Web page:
Odds are you’ve spent a fair amount of time visualizing your ideal home, but have you invested time in considering the neighborhood?

Many buyers get so caught up in the details of the home they’ve fallen in love with that they forget to step back and take a close look at the neighborhood as well.

Have you ever lived in a place where your next door neighbor made you miserable?  Ever live near a motorcycle enthusiast who left for rides at 6 a.m. on the one day a week you wanted to sleep in?  Were there a couple kids who got their kicks by pestering your pets?  Did the HOA measure the length of your grass, dictate the color scheme of flowerbeds or prohibit you from parking your work vehicle in your driveway overnight?  Perhaps things got so quiet at night that it felt spooky to you?  Or maybe your bank’s closest ATM was 25 minutes away?

There are all sorts of neighborhood factors that will impact your happiness with your new home, so it’s best to think about them before you commit to a particular property.

In some parts of the country, you will have a diligence period to research everything that’s important to you about a home, including the area where it’s located, before you make a final commitment to purchase.  In that instance, you can feel comfortable locking down the house first and then doing your research, because if you discover something objectionable, you’ll have an opportunity to back out.

However, in many other areas of the country, contracts call for inspection periods rather than diligence periods.  The biggest difference between the two is the reasons for which you can back out a deal.  In states with diligence periods, you don’t even need a reason, as long as you back out before an agreed upon date.  In states with inspection periods, there is a more limited list of factors that are allowable reasons for backing out. Typically, dissatisfaction with the neighborhood is not one of them.  In those cases, it is critical to check out the neighborhood before going under contract.

Would any of these items be issues for you?
An HOA that’s either militant or extremely relaxed about enforcing neighborhood rules.
The lack of an intersection light at the exit of your neighborhood.  (Think left turns during rush hour traffic.)
Dogs that bark excessively or owners who don’t pick up after their pets when walking them.
Sirens from a nearby firehouse.
Neighbors who either stay to themselves or try to be involved in everyone’s business.
Private roads that the state or local municipalities do not maintain, meaning you and your neighbors are on the hook for any repairs.
Traffic volume through the neighborhood.
Too close or too far from the hospital, your doctor’s office, your bank, your kid’s school, your work, restaurants, cultural events, or recreational areas.
Neighbors who don’t maintain their properties to your standards.


If any of those (or any of a million other factors that may be important to you) would cause you to reconsider a home, here’s how to do your homework (every pun intended) to find out if they’ll be a problem.
1. Visit the neighborhood on several occasions and at different times of day.
Does it have the same or a different vibe at night than during the day?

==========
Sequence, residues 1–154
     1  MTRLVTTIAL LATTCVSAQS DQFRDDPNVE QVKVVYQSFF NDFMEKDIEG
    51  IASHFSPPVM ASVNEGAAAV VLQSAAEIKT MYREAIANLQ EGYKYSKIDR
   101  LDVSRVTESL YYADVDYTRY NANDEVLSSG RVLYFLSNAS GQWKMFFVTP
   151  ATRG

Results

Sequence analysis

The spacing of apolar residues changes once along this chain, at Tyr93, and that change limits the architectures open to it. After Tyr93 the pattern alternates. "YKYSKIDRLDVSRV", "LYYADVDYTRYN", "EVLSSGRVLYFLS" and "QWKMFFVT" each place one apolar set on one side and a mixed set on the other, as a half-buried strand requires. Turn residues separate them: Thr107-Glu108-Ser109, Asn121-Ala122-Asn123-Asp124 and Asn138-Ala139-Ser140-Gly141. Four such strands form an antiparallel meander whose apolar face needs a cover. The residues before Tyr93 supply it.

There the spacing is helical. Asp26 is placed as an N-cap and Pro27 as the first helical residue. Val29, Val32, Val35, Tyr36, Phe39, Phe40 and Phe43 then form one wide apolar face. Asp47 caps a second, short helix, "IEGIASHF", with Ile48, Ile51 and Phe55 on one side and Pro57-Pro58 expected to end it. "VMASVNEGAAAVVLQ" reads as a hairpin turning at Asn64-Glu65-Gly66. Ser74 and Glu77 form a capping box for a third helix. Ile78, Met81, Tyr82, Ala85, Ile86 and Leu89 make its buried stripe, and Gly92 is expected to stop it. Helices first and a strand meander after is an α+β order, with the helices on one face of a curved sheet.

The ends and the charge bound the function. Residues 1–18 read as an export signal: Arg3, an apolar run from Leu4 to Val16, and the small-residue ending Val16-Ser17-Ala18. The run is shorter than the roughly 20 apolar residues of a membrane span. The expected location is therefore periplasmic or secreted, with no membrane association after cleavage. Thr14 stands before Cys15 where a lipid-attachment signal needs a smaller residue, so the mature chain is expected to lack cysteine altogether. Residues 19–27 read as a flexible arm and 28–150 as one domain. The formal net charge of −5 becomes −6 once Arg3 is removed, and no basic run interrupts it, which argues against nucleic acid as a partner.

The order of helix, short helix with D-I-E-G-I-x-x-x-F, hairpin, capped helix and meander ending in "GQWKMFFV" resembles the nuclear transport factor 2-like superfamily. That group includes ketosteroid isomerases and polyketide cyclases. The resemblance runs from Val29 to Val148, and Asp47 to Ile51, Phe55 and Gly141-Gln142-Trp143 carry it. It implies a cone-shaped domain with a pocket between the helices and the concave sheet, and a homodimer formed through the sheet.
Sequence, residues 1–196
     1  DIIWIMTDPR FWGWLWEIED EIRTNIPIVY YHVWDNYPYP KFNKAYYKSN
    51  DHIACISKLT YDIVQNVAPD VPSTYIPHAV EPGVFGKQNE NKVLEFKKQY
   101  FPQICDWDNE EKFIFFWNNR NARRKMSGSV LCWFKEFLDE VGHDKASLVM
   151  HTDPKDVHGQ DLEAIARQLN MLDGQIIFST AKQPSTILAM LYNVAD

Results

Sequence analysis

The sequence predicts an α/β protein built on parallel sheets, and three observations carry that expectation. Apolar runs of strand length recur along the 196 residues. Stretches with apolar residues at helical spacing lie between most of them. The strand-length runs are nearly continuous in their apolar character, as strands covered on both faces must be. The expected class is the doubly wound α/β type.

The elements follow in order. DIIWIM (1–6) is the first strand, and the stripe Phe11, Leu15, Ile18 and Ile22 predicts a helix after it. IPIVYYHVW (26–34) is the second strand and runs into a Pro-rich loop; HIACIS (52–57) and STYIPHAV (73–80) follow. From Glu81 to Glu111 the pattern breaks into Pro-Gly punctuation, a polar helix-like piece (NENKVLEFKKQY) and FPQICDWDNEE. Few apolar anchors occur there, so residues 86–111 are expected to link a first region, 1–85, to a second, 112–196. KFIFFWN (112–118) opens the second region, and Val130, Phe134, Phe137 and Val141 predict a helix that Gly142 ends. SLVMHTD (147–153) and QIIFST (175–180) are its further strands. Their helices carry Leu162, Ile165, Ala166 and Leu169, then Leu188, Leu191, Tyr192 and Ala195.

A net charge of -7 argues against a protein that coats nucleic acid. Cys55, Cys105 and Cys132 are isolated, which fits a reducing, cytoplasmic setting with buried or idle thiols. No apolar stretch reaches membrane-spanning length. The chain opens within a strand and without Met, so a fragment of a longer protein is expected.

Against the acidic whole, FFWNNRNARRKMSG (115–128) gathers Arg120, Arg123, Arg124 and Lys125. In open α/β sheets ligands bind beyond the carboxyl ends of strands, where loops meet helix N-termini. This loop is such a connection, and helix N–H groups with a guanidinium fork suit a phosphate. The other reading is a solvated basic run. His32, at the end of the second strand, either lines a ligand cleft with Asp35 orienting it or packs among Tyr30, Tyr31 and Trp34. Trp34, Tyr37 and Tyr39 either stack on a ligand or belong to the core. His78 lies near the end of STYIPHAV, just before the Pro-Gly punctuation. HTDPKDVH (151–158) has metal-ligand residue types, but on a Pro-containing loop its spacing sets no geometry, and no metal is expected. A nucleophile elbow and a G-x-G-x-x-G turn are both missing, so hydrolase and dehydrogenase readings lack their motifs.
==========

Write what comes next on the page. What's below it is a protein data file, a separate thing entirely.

Is it quieter or noisier?
Who do you see and what are they doing?
Is that consistent with the neighborhood you imagine for yourself?
2. Knock on neighbor’s doors, introduce yourself and ask questions.

Do they seem friendly and welcoming?  Are they distant or a little TOO friendly?
Do they know why the current owners are moving?
How long have they lived there?
What do they love about living there?  What do they wish was different?
If they had it to do over again, would they buy in the neighborhood?
Can they tell you the names of the neighbors or do they seem not to know them?
Is there anyone in the neighborhood whom people try to avoid?
Are there any regular neighborhood gatherings?  Picnics?  Holiday parties?


  1. If there is an HOA, ask your buyer’s agent to obtain copies of the:
    1. Covenants and restrictions
    2. By-laws
    3. Neighborhood rules
    4. Current annual budget
    5. Minutes from the past two years of Board of Director meetings

Then read them.  Make sure you can live with the rules because it could be expensive to defy the rules once you own the home.  Review the meeting minutes to learn if there are discussions about future assessments or on-going problems.


  1. Call the local municipality (city, town or county) and ask for someone who can tell you:
    1. Are the streets public or private?
    2. Are there any current or proposed assessments planned?
    3. If you plan to operate a business out of your home, what are the regulations?
    4. Is construction of any new roads, businesses or residential developments planned for the area?


  1. Call the local law enforcement office and ask to speak with the public information officer. Ask:
    1. What types of crimes have been reported in this neighborhood in the past 12 months?
    2. Are there any registered sex offenders living nearby?
    3. Would they be comfortable with a member of their family living in that area?

It’s easy to overlook some of these details when you’re in love with a house, but the time to learn about neighborhood problems is before they become YOUR neighborhood problems.